Personalized learning, and student choice. Creating a new Humanities-based unit focused on those aspects was my step toward reimagining middle school, and it started in my classroom. This unit brought the students’ writing to an impressive new level. Students chose their book, chose their writing strategies and stopped to write about important points of the book that stood out to them — not to the teacher. This produced amazing results and ultimately, a companion book. I served as only a guide and wow — did students run with the project!
To develop this unit, I blended the goals of an English book club unit with the Social Studies Civil War content students were studying at the time. Combining this with the power of writer’s workshop, I took a fresh approach to the Teachers College Information unit and made slight adjustments to the lessons to fit the needs of my students. In this new unit, students developed a companion book to their Civil War historical fiction novel. A companion book is essentially a collection of chapters that analyze key points of the book from conflict to characters, relationships, the significance of certain settings and more. It was composed of a cover, introduction and three chapters.
The Literacy Specialist and I collaborated to develop a list of Civil War historical fiction books that offered a variety of perspectives. Following a book talk, students then selected their book. I taught lessons with a mentor text and using a document camera modeled writing techniques such as charts, venn diagrams and more to show how students could use writing in different ways to help them understand the text better and come to new ideas. They could use these strategies to work a significant part of the book, or something that was confusing. For example, I demonstrated how to create a pressure map that displayed the protagonist’s conflicts. I also represented the relationship of two characters by charting their paths with plot points.The key to this was that students stopped at points in the book that mattered to them.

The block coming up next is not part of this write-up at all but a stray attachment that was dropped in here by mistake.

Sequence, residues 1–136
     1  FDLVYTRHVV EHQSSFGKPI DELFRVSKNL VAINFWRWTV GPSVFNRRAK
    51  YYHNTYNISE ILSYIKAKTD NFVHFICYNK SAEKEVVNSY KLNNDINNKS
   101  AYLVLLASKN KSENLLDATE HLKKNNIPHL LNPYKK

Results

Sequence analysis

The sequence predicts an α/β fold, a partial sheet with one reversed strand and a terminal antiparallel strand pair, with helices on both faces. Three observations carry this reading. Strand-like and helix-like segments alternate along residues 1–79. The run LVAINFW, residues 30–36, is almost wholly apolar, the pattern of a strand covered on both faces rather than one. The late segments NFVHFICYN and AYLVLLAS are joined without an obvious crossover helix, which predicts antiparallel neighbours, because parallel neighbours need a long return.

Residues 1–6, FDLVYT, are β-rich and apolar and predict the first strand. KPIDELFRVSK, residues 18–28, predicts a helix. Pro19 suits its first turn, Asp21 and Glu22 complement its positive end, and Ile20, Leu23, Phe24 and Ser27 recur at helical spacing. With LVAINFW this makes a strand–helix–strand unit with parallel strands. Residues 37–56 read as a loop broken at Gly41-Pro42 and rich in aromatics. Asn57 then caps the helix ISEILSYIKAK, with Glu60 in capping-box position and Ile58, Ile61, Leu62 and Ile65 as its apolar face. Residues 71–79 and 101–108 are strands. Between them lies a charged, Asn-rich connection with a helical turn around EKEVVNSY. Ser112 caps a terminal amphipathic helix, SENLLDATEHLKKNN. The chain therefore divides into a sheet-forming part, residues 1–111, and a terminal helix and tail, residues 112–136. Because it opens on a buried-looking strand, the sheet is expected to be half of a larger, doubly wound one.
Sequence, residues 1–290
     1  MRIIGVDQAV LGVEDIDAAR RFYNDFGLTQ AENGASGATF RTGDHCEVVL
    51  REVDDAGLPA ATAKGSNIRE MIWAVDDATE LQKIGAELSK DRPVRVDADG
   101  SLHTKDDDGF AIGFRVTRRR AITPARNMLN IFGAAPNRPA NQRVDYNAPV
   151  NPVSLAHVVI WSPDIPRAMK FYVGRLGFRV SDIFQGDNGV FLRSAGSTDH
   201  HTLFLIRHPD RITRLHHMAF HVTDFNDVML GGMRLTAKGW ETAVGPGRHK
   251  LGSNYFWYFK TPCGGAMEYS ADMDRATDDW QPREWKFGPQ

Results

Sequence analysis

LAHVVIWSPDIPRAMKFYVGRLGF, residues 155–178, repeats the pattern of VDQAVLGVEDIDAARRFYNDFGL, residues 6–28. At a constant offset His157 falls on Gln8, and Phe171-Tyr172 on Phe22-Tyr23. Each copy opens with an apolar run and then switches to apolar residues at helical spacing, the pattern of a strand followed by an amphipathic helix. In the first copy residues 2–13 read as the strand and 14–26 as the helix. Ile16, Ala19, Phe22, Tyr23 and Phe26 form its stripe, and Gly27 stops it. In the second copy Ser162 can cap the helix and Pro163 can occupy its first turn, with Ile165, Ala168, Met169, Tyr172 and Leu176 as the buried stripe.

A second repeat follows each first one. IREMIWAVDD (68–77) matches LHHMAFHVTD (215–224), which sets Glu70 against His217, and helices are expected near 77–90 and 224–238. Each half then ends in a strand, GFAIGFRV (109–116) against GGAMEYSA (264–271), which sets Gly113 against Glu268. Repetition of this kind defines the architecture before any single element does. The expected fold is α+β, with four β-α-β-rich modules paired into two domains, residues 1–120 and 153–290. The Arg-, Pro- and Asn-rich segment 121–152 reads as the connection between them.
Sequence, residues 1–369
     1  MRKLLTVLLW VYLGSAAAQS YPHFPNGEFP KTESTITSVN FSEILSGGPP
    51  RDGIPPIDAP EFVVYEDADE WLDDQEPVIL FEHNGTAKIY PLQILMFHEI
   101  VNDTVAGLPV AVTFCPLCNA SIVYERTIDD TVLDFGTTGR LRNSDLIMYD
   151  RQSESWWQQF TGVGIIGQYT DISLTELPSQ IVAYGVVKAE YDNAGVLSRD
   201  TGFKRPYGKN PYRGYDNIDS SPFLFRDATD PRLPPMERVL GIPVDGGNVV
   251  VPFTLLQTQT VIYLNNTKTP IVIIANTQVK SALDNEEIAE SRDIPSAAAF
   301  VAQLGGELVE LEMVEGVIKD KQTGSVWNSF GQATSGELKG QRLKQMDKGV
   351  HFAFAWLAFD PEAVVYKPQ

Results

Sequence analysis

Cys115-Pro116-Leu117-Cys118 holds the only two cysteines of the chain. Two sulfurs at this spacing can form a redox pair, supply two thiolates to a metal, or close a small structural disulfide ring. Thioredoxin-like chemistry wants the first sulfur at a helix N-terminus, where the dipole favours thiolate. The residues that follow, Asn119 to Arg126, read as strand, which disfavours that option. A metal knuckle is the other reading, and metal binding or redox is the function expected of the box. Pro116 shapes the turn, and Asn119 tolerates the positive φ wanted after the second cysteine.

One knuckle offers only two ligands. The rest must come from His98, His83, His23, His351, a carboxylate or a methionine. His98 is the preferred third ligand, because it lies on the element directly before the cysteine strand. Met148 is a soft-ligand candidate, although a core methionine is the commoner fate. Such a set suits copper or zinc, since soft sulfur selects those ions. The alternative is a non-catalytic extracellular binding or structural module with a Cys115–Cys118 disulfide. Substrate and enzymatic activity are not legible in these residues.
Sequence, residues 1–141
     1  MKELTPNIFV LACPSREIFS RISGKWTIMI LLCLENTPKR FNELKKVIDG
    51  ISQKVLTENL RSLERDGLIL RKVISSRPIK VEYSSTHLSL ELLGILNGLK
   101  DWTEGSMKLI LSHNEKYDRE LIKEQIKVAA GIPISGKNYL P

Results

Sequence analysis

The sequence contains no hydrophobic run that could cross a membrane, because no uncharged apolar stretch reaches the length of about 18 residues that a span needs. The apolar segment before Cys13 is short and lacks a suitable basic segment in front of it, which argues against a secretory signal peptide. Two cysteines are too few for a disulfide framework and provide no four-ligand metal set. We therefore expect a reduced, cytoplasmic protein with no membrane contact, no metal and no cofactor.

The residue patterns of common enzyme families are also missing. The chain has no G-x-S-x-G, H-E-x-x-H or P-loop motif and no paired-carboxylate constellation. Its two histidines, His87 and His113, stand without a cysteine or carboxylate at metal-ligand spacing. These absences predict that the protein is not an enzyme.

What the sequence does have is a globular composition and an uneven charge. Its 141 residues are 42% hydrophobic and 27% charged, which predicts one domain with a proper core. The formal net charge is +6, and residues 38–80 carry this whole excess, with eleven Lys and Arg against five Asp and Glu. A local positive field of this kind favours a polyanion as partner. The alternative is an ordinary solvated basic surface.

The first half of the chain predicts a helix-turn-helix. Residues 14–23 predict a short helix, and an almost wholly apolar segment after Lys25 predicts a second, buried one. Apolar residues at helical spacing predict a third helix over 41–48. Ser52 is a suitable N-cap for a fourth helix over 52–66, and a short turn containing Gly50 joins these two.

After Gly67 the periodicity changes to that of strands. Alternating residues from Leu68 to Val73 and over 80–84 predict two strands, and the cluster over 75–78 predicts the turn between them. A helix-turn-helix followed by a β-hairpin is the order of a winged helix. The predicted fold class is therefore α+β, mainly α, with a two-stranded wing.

After a couple of lessons students began creating their own methods of thinking critically about their text. One student developed a scrapbook for the protagonist that included symbols, explanations and other important elements of the book to connect the events and changes in the character’s life. Another student created a graph to show a comparison between his protagonist’s expectations of the war versus the realities of war and from there wrote about a potential theme of his novel. Through character mapping and plot points, another student came to understand how important the setting was to the plot and how it affected the characters. One student exclaimed, “I didn’t realize you could get so much from a book!”
This work grew and became more exciting! There was an energetic buzz in the classroom of reading and writing. Students began to volunteer to write under the document camera and model their writing as others worked. Students also had many opportunities to share their work which in turn provided new ideas to their classmates. One student, who struggled with reading, drew the scene of a book with details to help him more accurately picture the setting. When he looked at his drawing and realized how the setting was finally clear to him, he quickly volunteered to share in front of the class!
Ultimately these writing entries served as the basis of their chapters. Through this entire time we became a writing community: students shared their work and provided new ideas to others. Their writing was self-directed and it impressed upon me the power of personalization and how it encourages growth, engagement and achievement.
Chinese philosopher Lao Tzu said, “The journey of a thousand miles begins with one step.” To me, the journey is reimagining the middle school experience, and my step towards that was developing a personalized Humanities unit. Reimagining middle school starts right in the classroom and I love being a part of the journey!